Set in Switzerland during the 1990s, Small g covers a few eventful summer weeks in the lives of an interconnected group of lovers, friends, and acquaintances—some gay, some straight, some still finding their way—who live and work in the same Zurich neighborhood.  The hub of this circle is a local restaurant-bar called Jakob’s, designated in local guide books with a lower-case g to indicate it caters to a mixed gay and straight clientele.
Most of the events in the book are filtered through the perceptions of Rickie Markwalder, a middle-aged commercial artist who is still recovering from the grief of losing his young lover, Peter, to a stabbing some months before.  Police believe Peter was the random victim of a botched robbery committed by drug addicts looking for money, but Rickie is not so sure.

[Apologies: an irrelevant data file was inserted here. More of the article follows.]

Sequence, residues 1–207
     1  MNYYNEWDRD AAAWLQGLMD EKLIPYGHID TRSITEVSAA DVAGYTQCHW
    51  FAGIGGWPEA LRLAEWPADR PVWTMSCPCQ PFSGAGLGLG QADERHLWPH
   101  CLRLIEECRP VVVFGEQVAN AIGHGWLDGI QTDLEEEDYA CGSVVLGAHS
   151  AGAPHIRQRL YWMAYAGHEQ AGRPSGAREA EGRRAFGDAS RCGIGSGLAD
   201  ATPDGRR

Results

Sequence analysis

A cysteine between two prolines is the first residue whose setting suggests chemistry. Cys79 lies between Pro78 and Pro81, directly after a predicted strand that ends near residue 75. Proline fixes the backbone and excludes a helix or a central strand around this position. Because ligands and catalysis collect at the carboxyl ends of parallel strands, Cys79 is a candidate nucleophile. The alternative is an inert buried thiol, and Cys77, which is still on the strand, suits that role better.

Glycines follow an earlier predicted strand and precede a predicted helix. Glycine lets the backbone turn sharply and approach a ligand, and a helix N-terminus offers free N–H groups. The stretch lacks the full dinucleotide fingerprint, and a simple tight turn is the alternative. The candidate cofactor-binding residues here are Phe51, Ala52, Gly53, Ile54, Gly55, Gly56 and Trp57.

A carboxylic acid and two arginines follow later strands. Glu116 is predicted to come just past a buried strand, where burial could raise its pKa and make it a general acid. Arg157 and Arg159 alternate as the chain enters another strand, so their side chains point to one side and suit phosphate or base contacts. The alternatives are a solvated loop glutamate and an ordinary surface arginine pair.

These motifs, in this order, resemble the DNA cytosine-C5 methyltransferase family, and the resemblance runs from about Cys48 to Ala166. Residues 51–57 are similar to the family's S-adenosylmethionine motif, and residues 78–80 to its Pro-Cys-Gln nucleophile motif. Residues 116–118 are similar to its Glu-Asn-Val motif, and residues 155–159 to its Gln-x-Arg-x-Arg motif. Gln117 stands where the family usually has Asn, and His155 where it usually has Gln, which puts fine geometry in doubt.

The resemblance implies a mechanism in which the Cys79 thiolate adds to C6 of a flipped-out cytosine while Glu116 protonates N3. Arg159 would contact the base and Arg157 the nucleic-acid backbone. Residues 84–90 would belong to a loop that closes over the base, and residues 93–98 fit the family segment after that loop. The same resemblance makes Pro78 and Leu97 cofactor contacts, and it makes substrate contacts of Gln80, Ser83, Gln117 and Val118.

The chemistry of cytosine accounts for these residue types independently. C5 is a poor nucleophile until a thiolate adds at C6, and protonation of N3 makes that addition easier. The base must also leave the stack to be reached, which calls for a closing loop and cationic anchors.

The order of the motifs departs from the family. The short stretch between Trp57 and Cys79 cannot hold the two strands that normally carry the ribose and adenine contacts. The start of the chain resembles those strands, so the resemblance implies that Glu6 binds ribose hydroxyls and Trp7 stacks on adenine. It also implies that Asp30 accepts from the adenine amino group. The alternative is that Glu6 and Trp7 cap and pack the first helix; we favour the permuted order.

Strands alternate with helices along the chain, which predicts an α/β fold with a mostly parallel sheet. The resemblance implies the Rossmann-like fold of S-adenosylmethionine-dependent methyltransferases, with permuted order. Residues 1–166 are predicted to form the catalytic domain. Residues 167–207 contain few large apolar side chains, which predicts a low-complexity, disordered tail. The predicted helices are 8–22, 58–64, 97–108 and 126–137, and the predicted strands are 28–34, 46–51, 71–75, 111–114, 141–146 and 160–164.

Within Rickie’s circle is Luisa Zimmermann, a young apprentice seamstress who has run away from an abusive family and was in love with Peter.  Although her love for Peter was unrequited, Luisa remains close to Rickie, at first because it helps her feel closer to memory of Peter, but eventually she and Rickie become good friends.  This friendship is a morale booster for Luisa, who lives with and works for the dominating Renate Hagnauer, an ugly homophobe who none-the-less spends several hours a day at Jakob’s.  By a combination of emotional blackmail and controlling the purse strings, Renate keeps Luisa under her thumb.  Renate also poisons the mind of Willi, a mentally-disabled handiman who repeats and believes the gossip and rumors (which almost always reflect badly on gay individuals) that Renate relays to him.
Into the mix come some more people:  Teddie Richardson, a young Swiss-American man who becomes an object of both Rickie’s and Luisa’s affection; Dorrie Wyss, a vivacious lesbian who finds Luisa attractive; and Freddie Schimmelman, a married, bisexual policeman who begins an affair with Rickie.  Freddie is presented in an interesting way--his marriage and his other relationships are depicted in a very matter of a fact manner; his sexuality hardly an issue.